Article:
Draw (those pixels)!
By 1975, companies other than Atari are starting to take arcade video game technology further than simple solid-state PONG clones. This includes Chicago, Ill. based Midway Mfg. Corp., a division of Bally Manufacturing, a major player in pinball and slot machines. Midway introduces Gun Fight in late 1975 at the MOA operator’s exposition in Chicago. Causing quite a stir on the show floor, it is the first game to use a microprocessor. With an Intel 8080 CPU installed, more varied objects and gameplay can be incorporated. In Gun Fight, two players each use a joystick to move the two bow-legged gunfighters around, and a pistol grip and aim and shoot their weapons, in a face-off across a road with increasing numbers of cacti and a moving covered wagon. The CPU also makes a difference in one player mode, letting the computer-controlled player move around without exhibiting a predictable pattern, providing a greater challenge. Gun Fight also makes history by being the first video game licensed from Japan by an American manufacturer.
The game is originally made by Japanese game company Taito under the title Western Gun. It is designed by engineer Tomohiro Nishikado, who would go on to create ripples in the video game market a few years later with a little number called Space Invaders. While graphically sparse, one arresting thing about Western Gun is its detailed character design for the two gun fighters. As with every game preceding it, it uses TTL logic boards as opposed to any kind of processor to run things. Midway buys the rights to the game for North America, and contracts Dave Nutting and his game consulting firm Dave Nutting Associates to make the domestic version. Nutting and fellow designer Tom McHugh decide to forgo the flaky, hard-wired circuitry of Western Gun and redesign the game using Intel’s recently released 8080-A microprocessor. Hence, patrons in bars, restaurants and other venues in North America begin blowing holes in cacti, covered wagons and each other in Midway’s re-tooling of Western Gun, titled Gun Fight. The dynamic duo of Nutting and McHugh solidify themselves in videogame history by also doing the groundbreaking Sea Wolf for Midway in 1976, and the two team up again for Wizard of Wor in 1981.
A sequel of sorts for Gun Fight, called Boot Hill, is made by Midway in 1977. Gameplay is decidedly similar to the original, with some graphical and audio details added along with a colourful diorama background. Boot Hill also features a kind of built-in smart mode for noob humans or for the CPU desperado who finds itself under the gun of a proficient player; those with the lower score will have more scenery appear on their side of the street, to provide them more cover. Atari has two versions of the concept, both titled Outlaw; an arcade version released in April of 1976 where players draw a light-gun pistol and shoot the onscreen villains, and a VCS/2600 home port more similar to the original, made in 1979 by renowned designer David Crane. In October of 2012, the Apple iTunes store sees Atari’s arcade Outlaw step into its dusty, wild-west streets with the iPhone/iPad app Outlaw, distributed by Atari and developed by Flying Wisdom Studios.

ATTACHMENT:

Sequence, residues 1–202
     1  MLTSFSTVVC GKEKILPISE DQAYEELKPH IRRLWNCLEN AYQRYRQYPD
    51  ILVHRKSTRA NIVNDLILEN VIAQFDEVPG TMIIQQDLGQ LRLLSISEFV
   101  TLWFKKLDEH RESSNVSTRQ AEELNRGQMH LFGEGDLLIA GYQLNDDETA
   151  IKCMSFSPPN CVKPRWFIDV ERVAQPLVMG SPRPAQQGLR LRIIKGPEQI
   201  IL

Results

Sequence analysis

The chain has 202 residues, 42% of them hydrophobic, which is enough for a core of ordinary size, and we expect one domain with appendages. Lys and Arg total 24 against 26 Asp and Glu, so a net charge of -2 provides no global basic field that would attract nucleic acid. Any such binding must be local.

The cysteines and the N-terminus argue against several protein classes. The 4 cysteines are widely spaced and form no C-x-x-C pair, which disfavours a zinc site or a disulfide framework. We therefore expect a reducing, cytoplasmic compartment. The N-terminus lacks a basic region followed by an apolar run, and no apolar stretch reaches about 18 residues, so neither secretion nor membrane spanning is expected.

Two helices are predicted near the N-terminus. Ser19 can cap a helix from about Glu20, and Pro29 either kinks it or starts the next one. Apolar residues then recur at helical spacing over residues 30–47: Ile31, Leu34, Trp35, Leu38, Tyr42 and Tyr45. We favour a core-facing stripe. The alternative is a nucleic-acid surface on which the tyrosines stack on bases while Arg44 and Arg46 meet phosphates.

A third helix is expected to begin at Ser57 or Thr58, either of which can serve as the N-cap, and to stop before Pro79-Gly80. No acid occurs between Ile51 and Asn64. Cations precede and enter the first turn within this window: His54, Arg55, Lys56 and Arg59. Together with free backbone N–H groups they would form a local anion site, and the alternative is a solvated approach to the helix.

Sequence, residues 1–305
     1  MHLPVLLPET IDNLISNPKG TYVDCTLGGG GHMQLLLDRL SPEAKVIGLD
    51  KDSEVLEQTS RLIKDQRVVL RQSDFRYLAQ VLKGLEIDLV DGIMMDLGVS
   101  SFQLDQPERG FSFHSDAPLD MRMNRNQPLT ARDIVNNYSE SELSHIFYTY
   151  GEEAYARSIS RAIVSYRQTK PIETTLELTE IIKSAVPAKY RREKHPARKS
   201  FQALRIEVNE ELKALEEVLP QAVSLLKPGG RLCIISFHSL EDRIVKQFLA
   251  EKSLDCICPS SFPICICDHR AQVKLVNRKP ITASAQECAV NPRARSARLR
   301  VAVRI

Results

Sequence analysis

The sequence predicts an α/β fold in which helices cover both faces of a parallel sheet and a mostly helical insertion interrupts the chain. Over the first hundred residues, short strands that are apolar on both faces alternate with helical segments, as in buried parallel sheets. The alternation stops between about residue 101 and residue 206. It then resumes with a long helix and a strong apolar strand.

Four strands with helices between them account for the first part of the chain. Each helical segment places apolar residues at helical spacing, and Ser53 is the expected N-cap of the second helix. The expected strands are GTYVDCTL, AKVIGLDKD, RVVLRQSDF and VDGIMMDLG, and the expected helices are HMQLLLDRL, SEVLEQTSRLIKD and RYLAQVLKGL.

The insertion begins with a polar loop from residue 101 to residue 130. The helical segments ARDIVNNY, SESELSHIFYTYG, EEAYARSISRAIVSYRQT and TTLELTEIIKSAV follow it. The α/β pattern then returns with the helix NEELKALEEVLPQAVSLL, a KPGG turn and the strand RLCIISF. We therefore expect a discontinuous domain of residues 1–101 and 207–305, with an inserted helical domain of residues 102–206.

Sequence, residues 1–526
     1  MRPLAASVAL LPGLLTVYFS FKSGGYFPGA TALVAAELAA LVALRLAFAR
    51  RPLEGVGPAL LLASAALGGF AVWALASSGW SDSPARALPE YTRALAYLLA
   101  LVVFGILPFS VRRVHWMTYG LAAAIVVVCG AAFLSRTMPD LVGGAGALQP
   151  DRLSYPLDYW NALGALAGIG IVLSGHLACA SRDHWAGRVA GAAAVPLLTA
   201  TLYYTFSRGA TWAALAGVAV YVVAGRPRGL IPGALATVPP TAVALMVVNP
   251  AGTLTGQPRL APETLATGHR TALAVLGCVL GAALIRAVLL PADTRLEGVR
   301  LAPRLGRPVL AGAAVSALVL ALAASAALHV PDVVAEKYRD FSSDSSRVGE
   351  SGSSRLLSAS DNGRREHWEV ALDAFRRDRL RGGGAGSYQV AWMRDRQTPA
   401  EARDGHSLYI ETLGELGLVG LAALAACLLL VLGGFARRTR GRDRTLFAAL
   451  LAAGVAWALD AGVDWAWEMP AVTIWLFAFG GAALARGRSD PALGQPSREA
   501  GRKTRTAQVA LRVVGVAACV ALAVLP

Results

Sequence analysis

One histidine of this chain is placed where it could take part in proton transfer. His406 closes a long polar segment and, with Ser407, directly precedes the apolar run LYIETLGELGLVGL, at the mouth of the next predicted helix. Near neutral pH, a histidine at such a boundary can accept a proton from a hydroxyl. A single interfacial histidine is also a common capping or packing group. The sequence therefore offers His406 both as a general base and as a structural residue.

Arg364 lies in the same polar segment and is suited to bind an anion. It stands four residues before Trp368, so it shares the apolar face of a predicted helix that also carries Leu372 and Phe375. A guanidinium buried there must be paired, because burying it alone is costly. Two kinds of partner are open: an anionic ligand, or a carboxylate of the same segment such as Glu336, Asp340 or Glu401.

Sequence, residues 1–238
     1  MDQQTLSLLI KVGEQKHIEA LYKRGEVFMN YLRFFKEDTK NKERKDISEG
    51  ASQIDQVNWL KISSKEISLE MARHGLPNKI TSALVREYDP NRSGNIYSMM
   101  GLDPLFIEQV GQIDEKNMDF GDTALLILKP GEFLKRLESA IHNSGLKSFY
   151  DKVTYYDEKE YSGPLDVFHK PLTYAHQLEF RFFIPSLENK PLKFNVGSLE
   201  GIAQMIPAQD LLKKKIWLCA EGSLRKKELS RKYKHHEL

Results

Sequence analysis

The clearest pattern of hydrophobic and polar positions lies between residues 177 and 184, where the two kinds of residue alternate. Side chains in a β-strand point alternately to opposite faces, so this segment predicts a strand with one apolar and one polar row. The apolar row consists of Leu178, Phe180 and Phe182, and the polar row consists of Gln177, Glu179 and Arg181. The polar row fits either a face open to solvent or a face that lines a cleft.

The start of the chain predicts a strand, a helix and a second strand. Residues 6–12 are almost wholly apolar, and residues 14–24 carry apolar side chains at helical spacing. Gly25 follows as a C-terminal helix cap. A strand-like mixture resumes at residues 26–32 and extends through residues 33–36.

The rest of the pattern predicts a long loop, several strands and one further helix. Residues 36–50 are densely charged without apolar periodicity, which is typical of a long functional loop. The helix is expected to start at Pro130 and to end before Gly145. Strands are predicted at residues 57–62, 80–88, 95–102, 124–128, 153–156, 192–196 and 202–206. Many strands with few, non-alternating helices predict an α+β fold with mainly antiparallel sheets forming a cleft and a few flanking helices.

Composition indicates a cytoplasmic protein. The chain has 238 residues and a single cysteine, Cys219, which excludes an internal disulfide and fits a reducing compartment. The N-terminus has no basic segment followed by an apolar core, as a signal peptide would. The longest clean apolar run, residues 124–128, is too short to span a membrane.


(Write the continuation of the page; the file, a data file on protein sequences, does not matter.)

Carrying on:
Sources (Click to view; inert links are kept for historical purposes)
Associate-manuel-dennis, comp. “Nutting Ind. Becomes Milwaukee Coin Ltd.” Coin Box 25 Sept. 1971: 42. Internet Archive. 26 Sept. 2016. Web. 26 Sept. 2019. <https://archive.org/details/cashbox33unse_12/page/42>. Image of Dave Nutting next to game Red Baron, 1971
The Arcade Flyer Archive
Bally Manufacturing – Wikipedia
The Giant List of Game Programmers
Low Bit Games, by William Linn
Badger’s Gameroom – Firsts of the Firsts! – www.gamearchive.com/collector/badger/History.htm
Midway 8080 System Boards – users.erols.com/mowerman/midway.htm
Videotopia – Arcade Games
Associate-manuel-dennis, comp. “Spirit of the West Lives On In ‘Boot Hill’.” Cash Box 2 Apr. 1977: 53. Internet Archive. 26 Sept. 2016. Web. 6 Oct. 2019. <https://archive.org/details/cashbox38unse_44/page/n53>. The change of scenery after each shootout along with the advantage of extra cover to the player that has the lower score adds to the appear of the game.
Gamearchive – www.gamearchive.com
VideoGameSpot’s History of Video Games – www.videogames.com/features/universal/hov/hov04.html
Eimbinder, Jerry, and The History of How We Play.Gamestronics Proceedings, Jan. 1977, p. 212 Internet Archive, archive.org/details/GamtronicsProceedings/page/n159. Image of Atari Outlaw game in use, 1977. Photo by Liane Enkelis
iTunes Preview: Outlaw
WallyWonka. “Atari 2600 3D Boxes Pack.” EmuMovies. N.p., 26 Nov. 2019. Web. 19 Aug. 2020. Image of game box for Outlaw on the Atari VCS
EmuMovies. “Atari 8-Bit 3D Box Pack.” EmuMovies. N.p., 17 Feb. 2016. Web. 23 Aug. 2020. Image of Claim Jumper box, Atari 8-bit
Image of Grover taking a dump from Greg Chance’s Video Game History Site